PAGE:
The greater the spin you can put on the ball, the more it will swerve.
But, really, the whole episode was a reminder of how reform can swerve when a government has its foot to the throttle.
The swerve may be more about the world of the humanists who discovered On the Nature of Things, rather than the poem itself.
It moved past them at a walking pace, with an odd, irregular bob and swerve like a spinning top.
Motorcycles roar and swerve around women who balance soaring bundles confidently on their heads.
Could the young but conceive a tithe of the misery I endured, they would never after swerve from the truth.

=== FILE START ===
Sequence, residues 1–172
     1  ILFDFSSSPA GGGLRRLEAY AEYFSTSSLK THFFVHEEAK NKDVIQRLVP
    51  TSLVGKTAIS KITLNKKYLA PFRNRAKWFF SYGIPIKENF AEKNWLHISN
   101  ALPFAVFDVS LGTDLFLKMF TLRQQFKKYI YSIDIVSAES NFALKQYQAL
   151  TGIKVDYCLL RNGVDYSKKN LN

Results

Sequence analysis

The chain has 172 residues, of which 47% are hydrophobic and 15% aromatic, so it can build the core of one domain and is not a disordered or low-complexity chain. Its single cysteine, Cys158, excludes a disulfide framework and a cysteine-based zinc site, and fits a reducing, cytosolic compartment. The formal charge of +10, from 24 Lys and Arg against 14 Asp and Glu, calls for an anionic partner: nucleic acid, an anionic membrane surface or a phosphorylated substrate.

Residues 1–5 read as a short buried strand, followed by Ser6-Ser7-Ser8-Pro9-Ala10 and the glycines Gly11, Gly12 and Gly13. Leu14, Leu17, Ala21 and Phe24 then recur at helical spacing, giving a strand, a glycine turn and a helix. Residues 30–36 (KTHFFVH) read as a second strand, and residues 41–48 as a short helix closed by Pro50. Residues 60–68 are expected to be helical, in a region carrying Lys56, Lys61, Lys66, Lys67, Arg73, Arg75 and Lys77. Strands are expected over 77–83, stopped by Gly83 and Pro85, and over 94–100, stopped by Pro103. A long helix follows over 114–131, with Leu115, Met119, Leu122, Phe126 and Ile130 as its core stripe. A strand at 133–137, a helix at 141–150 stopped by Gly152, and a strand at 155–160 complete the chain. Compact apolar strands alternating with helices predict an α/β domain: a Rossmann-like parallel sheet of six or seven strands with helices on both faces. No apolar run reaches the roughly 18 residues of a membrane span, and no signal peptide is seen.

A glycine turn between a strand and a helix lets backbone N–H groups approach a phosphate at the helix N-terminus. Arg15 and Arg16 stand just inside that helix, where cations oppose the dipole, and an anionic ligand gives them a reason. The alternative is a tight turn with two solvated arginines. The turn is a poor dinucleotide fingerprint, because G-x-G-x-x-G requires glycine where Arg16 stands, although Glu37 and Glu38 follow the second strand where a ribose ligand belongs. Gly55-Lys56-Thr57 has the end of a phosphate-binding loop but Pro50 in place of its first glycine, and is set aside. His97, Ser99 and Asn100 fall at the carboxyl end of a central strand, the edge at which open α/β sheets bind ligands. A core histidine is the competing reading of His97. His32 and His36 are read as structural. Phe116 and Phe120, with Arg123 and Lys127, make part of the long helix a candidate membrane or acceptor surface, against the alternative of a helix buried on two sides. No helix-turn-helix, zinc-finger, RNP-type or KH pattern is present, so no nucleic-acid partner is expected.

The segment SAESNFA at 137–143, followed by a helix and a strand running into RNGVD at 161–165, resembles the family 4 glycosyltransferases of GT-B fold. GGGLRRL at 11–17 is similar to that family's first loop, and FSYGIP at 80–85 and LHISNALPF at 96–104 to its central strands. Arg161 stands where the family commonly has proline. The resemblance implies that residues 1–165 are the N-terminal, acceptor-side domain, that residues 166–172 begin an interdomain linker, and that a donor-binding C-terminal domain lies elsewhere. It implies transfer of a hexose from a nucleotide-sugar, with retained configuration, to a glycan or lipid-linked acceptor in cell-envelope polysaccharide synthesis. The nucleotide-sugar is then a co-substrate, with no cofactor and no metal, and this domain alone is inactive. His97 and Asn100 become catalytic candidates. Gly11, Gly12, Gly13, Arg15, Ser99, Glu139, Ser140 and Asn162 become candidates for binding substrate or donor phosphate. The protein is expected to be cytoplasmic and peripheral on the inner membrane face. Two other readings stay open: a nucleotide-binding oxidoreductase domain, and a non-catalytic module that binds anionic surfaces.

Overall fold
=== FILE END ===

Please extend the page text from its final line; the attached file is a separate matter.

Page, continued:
It has fixed rules which are the props of order, and will not swerve or bend in extreme cases.
If during the three years of mourning he does not swerve from his father's principles, he may be pronounced a truly filial son.
And even now it was held to be undignified to swerve from that doctrine.
Never be tempted to swerve from its dictates, even in the most trivial degree.
early 13c., "to depart, make off;" early 14c., "to turn aside, deviate from a straight course," probably from Old English sweorfan "to rub, scour, file" (but sense development is difficult to trace), from Proto-Germanic *swerbanan (cf Old Norse sverfa "to scour, file," Old Saxon swebran "to wipe off"), from PIE root *swerbh-. Cognate words in other Germanic languages (cf. Old Frisian swerva "to creep," Middle Dutch swerven "to rove, stray") suggests the sense of "go off, turn aside" may have existed in Old English, though unrecorded. Related: Swerved; swerving.
1741, from swerve (v.).